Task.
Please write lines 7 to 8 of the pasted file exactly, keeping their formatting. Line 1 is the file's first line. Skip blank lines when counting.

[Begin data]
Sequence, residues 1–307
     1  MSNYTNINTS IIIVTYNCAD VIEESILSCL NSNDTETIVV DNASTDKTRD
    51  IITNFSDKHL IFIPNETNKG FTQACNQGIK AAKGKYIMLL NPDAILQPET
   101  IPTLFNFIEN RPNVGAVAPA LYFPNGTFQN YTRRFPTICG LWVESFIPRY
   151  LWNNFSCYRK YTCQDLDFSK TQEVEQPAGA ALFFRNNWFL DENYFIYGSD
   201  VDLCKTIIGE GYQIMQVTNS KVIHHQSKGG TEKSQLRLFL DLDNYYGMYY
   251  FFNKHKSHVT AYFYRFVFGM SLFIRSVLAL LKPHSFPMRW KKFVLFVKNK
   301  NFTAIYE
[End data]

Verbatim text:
   251  FFNKHKSHVT AYFYRFVFGM SLFIRSVLAL LKPHSFPMRW KKFVLFVKNK
   301  NFTAIYE